Former Minister Ricaurte Vásquez was appointed this Friday as the new administrator of the Panama Canal for the next seven years, a period in which priorities will increase the competitiveness of the interoceanic route and ensure the supply of water for its operation.
"It is going to be our responsibility to consolidate not only what has already been done, but to take it much further, not only through the Panama Canal, but especially through Panama", the 66-year-old economist said in an appearance.
Vásquez, who will take office on September 4 when the term of the current administrator, Jorge Luis Quijano, was sub-administrator of the channel between 2000 and 2004 and held various positions in public administration, including that of Minister of Economy and Finance in the government of Martín Torrijos (2004-2009).
The new administrator was chosen unanimously from a score of candidates by the board of directors of the Panama Canal Authority (PCA), which is composed of 11 members and by law is responsible for designating and removing the administrator.
This meeting generated great controversy because it had members appointed Tuesday night by Juan Carlos Varela, these being the vice president and chancellor, Isabel De Saint Malo; to the Minister of the Presidency, Jorge González; and the ambassador in the United States, Emanuel González Revilla, who must now receive the approval of the Parliament, which has an opposition majority.
The main opposition forces expressed their uneasiness over the designations and warned of the possible risks of "politicizing" the management of the Panama Canal, built by the United States at the beginning of the last century and transferred to Panama on December 31, 1999.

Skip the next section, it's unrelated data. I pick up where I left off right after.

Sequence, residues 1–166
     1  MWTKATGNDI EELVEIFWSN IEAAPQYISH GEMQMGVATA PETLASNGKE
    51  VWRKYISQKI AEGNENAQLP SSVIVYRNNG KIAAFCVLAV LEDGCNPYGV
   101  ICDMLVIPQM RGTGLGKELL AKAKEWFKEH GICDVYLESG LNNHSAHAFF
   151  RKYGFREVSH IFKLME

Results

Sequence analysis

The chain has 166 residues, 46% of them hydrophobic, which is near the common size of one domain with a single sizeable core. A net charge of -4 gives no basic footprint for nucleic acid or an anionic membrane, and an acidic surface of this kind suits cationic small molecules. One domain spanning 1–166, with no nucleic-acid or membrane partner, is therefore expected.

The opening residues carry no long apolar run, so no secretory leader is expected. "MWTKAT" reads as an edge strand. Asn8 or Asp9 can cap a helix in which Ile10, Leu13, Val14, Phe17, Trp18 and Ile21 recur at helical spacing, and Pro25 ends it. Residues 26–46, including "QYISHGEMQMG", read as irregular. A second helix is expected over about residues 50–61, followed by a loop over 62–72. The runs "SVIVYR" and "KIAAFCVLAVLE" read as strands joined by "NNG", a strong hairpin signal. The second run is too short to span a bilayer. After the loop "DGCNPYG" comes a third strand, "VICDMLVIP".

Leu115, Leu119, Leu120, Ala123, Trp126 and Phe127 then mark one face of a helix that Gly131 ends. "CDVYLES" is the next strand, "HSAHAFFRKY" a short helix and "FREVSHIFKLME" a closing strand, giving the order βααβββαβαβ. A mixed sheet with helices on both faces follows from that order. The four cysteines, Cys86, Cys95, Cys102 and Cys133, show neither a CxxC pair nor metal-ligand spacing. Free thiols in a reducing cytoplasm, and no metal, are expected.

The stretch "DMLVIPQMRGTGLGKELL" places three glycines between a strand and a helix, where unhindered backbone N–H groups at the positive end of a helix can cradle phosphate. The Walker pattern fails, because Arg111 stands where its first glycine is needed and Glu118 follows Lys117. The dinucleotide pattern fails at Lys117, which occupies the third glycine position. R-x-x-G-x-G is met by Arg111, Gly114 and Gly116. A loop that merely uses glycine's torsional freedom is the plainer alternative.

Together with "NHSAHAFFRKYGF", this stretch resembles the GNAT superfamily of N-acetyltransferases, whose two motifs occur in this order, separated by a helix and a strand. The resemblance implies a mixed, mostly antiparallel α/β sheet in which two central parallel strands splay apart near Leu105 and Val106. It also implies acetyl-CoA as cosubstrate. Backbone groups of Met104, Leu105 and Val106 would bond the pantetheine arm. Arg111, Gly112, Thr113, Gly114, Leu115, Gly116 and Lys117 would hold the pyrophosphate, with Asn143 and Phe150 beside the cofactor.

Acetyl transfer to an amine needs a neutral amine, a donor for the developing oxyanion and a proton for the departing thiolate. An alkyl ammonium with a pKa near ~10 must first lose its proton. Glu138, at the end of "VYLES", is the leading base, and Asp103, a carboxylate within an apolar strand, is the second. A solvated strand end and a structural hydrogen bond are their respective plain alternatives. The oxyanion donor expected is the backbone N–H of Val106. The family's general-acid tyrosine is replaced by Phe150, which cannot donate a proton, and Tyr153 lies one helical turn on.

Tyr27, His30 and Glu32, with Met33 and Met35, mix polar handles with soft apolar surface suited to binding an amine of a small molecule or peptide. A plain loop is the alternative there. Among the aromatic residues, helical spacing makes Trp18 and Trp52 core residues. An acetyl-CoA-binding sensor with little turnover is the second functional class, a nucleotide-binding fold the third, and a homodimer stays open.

Ricaurte will be the third Panamanian to independently direct the canal and declared that "two extraordinary leaders, Alberto Alemán and Jorge Quijano, precede me. There is a much more difficult goal to fulfill at this moment, but in them we will find the inspiration to be able to move forward", admitted Vásquez.
Alemán had to "show the world" that Panamanians could efficiently manage the water route and Quijano had the opportunity to expand the canal "to continue occupying the space we have in world trade", he recalled.
The challenges ahead of the interoceanic route
In Vásquez's opinion, the challenges of this new stage are "more diffuse" and they happen to be a "reliable" route, for which it is necessary to maintain competitiveness and guarantee water.
"The insufficiency of water is not only a problem of the canal, but also of Panama", he admitted, referring to the problems of drought that the country has had in recent years.
The interoceanic road, which passes about 6% of world trade, operates with lock systems at different levels, which require 202,000 cubic meters of water each time a ship passes.
Designation of Ilya Espino, the tinmonel of the extension as the Subadministrator
Along with Vázquez, the board of directors also appointed Ilya Espino de Marotta as deputy administrator on Friday, who currently holds the Vice Presidency for Transit Business and is the woman who occupies the highest post in the history of the canal.
Espino de Marotta, who will assume the post in December when his predecessor, Manuel Benítez, retires, was also the main person in charge of the works of expansion of the canal, a project of more than 5,500 million dollars inaugurated in June 2016.
These are two appointments of utmost importance, since the canal is the most important company in the country. Last year had an income of more than 3,100 million dollars and delivered to the Panamanian treasury historical contributions of 1,703 million dollars.
Satisfaction in logistics and the economic sectors for designations
The new appointments have been very applauded not only in the guild, but also among public opinion, because they are two people with experience in the canal and with knowledge of the logistics sector, one of the pillars of the Panamanian economy.
For the economist Adolfo Quintero, "it is the best decision that has been taken" from the technical and administrative point of view, because both engineers have "a clear point of view" of what the canal needs.
In the same sense, the president of the Logistics Business Council (COEL), Enrique Clement, said in a statement to Acan-Efe that the new direction should focus on ensuring the water supply, but also on expanding the port capacity around route.